Life in the Gig Economy: the guy who talks on TikTok about pet sitting through Rover

 

By Jessica Bursztynsky

 

Life in the Gig Economy tells the stories of workers in an industry millions of people rely upon. If you’d like to share your story, email staff writer Jessica Bursztynsky at Jessicabursz@proton.me.

 

Kevin Liu is a 28-year-old gig worker in Austin, Texas, who has been finding work on Rover since 2020. He documents pet sitting on his TikTok account, @itskevinliu, where he has more than 33,000 followers. This is what the experience has been like, in Kevin’s own words. (This interview has been edited and condensed for clarity.)

I’ve always had this history of just having some kind of side hustle. I was kind of feeling nervous and anxious about potentially getting laid off during the pandemic, and at the same time I had a friend go, “Hey, can I leave my dog with you while I travel? I’ll give you $200.” And I said, “That seems only like $20 a day a day, and I don’t know how the dog’s going to be at my place and all this stuff, I’ll do it for $300.” And he’s like, “No, I can find someone cheaper on Rover for $20 a day.”

I went on Rover at that time, and people were offering decent pricing. I was afraid of being laid off; I’ve experienced getting laid off multiple times before, and I didn’t want to experience that again and have that kind of financial insecurity. So I just kind of on a whim signed up, paid the $35 [sign-up fee], and then a month later I started my first booking. It’s been going on since then.

 

I mainly just house sit. Through the first two years, I’ve realized house-sitting was the one service that was really worth my time without being overly time-sensitive and labor-intensive while having a full-time job where I’m stuck to the computer for most of the day. So if I were starting a gig, I would basically confirm when I would start with a client and then either meet them in person or I will get to their house after they leave and then just unpack and live my life. If it was the last day I would be cleaning up the night before or the morning of and then wait for them to to get home or give me the green light to leave.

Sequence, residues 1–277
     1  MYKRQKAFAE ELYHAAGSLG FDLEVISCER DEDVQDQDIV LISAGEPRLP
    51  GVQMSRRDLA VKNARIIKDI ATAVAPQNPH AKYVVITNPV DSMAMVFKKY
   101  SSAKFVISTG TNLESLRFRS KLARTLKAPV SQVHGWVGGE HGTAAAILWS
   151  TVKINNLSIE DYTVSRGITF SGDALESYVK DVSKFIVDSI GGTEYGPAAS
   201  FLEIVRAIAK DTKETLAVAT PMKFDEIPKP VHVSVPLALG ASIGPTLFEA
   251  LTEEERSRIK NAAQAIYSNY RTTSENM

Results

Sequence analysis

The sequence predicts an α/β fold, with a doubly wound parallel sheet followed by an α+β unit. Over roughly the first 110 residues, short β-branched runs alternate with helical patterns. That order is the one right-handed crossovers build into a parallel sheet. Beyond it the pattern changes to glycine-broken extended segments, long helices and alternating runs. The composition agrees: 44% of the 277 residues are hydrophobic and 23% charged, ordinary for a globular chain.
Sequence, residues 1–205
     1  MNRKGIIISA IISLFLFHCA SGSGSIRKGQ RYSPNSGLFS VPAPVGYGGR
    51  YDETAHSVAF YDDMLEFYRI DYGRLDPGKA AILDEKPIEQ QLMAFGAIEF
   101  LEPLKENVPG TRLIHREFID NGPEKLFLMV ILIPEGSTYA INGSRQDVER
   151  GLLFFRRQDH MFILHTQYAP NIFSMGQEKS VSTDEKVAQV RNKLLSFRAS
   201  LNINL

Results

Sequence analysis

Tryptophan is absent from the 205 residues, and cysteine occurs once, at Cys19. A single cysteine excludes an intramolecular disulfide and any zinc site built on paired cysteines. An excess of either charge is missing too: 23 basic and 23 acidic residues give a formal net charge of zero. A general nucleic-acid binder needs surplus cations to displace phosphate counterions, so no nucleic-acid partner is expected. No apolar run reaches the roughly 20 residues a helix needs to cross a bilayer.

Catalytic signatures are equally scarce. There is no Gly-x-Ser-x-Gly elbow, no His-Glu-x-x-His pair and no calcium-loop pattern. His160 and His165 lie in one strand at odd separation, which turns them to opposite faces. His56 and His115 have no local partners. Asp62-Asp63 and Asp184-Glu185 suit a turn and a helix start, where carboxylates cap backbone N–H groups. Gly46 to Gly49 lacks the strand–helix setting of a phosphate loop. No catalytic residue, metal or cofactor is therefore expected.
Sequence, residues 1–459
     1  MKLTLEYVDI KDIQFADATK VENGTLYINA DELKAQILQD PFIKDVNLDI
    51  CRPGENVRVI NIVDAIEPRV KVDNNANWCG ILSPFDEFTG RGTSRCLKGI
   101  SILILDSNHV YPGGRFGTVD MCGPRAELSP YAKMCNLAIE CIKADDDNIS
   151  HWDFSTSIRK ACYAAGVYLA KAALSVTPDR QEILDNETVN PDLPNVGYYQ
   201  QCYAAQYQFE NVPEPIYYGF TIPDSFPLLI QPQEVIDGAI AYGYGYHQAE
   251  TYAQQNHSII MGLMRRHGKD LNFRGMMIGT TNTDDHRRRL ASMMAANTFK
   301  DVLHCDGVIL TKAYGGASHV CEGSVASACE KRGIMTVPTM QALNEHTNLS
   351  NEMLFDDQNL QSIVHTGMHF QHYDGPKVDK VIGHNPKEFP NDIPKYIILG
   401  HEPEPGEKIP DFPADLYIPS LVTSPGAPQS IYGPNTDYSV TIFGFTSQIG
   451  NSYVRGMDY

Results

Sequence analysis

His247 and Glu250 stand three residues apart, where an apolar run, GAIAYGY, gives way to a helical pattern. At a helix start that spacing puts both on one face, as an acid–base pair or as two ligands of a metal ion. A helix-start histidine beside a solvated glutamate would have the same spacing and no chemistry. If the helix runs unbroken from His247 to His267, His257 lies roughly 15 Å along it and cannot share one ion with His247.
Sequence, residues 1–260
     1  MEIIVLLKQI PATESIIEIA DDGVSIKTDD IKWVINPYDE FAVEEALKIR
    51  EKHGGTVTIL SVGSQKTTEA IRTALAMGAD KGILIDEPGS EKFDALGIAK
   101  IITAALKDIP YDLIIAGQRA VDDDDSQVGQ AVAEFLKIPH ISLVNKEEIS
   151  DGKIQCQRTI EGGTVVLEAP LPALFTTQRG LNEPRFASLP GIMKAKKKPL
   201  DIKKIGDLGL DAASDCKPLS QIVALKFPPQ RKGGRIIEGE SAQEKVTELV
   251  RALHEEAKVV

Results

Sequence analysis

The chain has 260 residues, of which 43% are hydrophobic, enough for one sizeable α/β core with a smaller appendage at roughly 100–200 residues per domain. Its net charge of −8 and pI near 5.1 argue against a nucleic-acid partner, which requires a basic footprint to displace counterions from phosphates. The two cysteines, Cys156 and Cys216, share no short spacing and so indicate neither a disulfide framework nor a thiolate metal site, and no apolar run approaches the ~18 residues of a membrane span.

I started TikTok I think August of last year. I was doing a 28-day booking, it was the longest I’ve ever actively done for one client. And I had just been thinking about sharing my experience for a while because I always talk about Rover and pet sitting with my friends and coworkers, and I feel like there’s a lack of education and knowledge around the pet-sitting community, especially people that are just casually doing it on Rover. I feel that a lot of people aren’t charging their worth, and a lot of people are also being manipulated into charging really low prices. And I’ve been through it, like when you’re starting out, it’s not worth most people’s time. A lot of people are actually just wasting time and money if they’re not charging a certain amount, so I just wanted to share my experience there and educate people from a business perspective on how to be more successful and be more confident in running their own business or side hustle or whatever. I like talking about business, I worked in consulting before, so those are kind of my interests coming together.

Rover takes up a lot of my time. I think last year I was booked like 260 days out of the year. It’s hard because it limits your social life. It doesn’t kill your social life, but it can limit it if you are super busy and in high demand. The most money you will make will be around holiday seasons; if you’re taking advantage of those days, you’re not taking holidays. I’ve had a few times to reflect and say, “Is this really worth my time?” If I look at what I’ve made over the last three years and also my full-time income in relation to that, my full-time income has grown significantly, which makes my income on Rover almost not as worth my time anymore. The last few years, I’ve made over $20,000, so it’s like, should I continue to fully book myself out just for $20,000 a year and limit my social life a lot?

 

Will I continue to do it? Yes, I think so, but I think in the long term, it’s more toned down and limited. Over the last few years during the summertime, I was booked like four to five months consecutively without ever going home to sleep. So I’ve made an effort to really raise my prices and also have more discipline in saying, “What’s my limit for this month?”

Fast Company

(11)